Cortical and subcortical gray matter volume in psychopathy: A voxel-wise meta-analysis

J Abnorm Psychol. 2021 Aug;130(6):627-640. doi: 10.1037/abn0000698.


Voxel-based morphometry (VBM) studies of gray matter volume (GMV) in psychopathy have produced inconsistent results and few have been replicated. Therefore, to clarify GMV abnormalities associated with psychopathy as operationalized by Hare (2003), we conducted a meta-analysis of VBM studies using both categorical and dimensional analyses. We identified seven studies eligible for the categorical meta-analysis (136 men with psychopathy vs 150 male controls) and 11 studies (N = 519) eligible for dimensional metaregressions. First, we used seed-based d mapping with permutation of subject images for voxel-based meta-analyses. Statistical parametric maps of GMV were available for four (57%) of the studies included in the categorical meta-analysis and for five (45%) of the studies included in the dimensional metaregression analyses, with peak coordinates available for the remaining studies. Second, we used metadata of a large-scale neuroimaging database to provide an objective and quantitative account of psychological processes attributed to the brain regions we identified in our group meta-analysis and metaregressions. Men with psychopathy exhibited reliable GMV abnormalities circumscribed to the left hemisphere in the dorsolateral prefrontal cortex and the medial orbitofrontal cortex. Total psychopathy scores and Factors 1 and 2 scores were all related to decreased GMV within those two prefrontal regions, as well as decreased GMV in a wider set of regions encompassing midline, temporal, parietal, occipital, and subcortical structures. We discuss how decreased GMV in those regions likely account for the impairments in the emotion, cognition, action, and perception domains seen in the disorder. (PsycInfo Database Record (c) 2021 APA, all rights reserved).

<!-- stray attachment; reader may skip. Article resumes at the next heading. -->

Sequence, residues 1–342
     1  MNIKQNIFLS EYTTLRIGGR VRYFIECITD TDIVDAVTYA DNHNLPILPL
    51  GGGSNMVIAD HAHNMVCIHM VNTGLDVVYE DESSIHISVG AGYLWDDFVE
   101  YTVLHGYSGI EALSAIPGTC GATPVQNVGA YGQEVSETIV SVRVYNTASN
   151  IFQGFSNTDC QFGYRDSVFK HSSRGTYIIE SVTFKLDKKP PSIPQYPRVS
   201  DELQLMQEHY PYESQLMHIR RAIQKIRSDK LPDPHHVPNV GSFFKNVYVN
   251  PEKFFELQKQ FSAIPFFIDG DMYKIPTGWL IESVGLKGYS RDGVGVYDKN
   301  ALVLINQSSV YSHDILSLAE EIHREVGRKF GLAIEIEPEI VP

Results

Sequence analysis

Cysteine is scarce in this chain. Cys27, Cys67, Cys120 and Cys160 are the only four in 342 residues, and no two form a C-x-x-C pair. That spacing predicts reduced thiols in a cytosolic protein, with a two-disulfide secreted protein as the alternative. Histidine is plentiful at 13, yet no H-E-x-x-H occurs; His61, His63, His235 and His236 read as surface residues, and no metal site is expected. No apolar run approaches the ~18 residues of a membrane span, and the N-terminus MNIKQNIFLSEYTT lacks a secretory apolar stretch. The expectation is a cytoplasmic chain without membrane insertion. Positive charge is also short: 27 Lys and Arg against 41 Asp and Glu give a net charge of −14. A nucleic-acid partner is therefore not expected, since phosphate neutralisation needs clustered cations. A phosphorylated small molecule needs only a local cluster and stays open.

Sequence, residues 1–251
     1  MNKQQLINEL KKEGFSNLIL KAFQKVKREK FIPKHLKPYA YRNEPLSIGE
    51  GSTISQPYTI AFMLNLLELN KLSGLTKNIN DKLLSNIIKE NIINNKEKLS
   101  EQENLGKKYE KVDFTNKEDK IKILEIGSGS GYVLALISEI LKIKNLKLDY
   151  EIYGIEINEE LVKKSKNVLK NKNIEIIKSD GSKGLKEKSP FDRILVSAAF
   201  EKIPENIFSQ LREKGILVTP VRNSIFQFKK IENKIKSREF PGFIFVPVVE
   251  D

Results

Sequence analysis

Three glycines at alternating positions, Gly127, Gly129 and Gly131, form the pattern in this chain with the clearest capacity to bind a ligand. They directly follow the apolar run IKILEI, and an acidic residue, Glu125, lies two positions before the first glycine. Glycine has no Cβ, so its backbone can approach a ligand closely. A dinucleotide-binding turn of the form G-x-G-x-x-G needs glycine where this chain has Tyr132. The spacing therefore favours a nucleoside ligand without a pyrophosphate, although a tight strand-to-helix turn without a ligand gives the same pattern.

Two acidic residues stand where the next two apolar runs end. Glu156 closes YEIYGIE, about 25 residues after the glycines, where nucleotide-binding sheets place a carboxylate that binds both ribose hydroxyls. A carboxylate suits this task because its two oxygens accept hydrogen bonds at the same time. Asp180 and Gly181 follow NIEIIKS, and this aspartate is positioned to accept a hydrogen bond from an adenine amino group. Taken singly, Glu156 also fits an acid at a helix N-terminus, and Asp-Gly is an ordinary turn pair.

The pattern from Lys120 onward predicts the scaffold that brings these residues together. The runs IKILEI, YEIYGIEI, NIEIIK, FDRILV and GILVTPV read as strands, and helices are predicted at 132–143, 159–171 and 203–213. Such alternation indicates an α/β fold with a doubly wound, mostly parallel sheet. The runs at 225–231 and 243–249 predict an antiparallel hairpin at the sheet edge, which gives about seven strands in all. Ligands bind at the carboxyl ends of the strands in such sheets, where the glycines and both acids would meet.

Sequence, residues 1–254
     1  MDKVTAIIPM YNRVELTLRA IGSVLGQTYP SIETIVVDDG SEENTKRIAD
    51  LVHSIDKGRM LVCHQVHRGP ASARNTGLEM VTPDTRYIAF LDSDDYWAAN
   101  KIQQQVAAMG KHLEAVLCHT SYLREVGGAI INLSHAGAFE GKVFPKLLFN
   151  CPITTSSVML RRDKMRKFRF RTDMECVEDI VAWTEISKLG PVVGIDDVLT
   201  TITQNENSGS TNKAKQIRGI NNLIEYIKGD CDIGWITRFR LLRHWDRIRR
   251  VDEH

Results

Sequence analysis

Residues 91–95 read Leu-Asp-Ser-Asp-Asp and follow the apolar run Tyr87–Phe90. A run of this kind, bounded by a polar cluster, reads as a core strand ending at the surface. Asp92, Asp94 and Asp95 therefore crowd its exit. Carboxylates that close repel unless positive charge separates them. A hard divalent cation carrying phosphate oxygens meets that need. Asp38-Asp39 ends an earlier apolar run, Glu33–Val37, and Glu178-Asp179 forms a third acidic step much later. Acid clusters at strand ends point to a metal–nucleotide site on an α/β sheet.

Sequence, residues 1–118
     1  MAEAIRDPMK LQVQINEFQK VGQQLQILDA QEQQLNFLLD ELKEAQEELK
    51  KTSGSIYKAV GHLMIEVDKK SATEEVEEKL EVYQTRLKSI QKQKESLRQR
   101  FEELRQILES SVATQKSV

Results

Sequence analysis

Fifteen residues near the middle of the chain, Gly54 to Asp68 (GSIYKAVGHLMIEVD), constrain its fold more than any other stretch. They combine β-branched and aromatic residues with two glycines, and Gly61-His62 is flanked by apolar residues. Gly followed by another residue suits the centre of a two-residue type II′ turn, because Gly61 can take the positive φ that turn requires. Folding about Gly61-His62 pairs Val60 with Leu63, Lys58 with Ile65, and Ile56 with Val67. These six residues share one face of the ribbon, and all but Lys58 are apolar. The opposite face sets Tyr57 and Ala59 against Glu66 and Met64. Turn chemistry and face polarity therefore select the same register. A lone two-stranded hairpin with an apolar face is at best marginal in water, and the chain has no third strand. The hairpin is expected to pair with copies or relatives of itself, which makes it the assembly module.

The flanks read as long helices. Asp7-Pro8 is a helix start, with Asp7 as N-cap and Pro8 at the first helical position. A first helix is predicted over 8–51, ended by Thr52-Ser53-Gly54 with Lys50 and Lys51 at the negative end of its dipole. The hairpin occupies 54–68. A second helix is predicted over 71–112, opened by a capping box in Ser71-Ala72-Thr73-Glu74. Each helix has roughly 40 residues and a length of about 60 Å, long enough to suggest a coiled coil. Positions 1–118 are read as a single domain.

Publication types

  • Meta-Analysis

MeSH terms

  • Brain
  • Cerebral Cortex
  • Gray Matter* / diagnostic imaging
  • Humans
  • Magnetic Resonance Imaging*
  • Male
  • Neuroimaging